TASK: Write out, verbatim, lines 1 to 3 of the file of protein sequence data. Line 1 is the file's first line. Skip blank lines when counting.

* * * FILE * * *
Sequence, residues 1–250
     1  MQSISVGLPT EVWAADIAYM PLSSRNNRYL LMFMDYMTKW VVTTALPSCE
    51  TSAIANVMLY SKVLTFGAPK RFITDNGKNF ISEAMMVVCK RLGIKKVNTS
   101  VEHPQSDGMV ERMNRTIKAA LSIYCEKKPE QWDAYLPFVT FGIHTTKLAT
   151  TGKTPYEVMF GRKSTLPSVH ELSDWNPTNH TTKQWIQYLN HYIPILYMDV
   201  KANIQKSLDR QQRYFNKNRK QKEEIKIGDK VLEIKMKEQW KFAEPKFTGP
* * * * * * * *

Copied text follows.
Sequence, residues 1–250
     1  MQSISVGLPT EVWAADIAYM PLSSRNNRYL LMFMDYMTKW VVTTALPSCE
    51  TSAIANVMLY SKVLTFGAPK RFITDNGKNF ISEAMMVVCK RLGIKKVNTS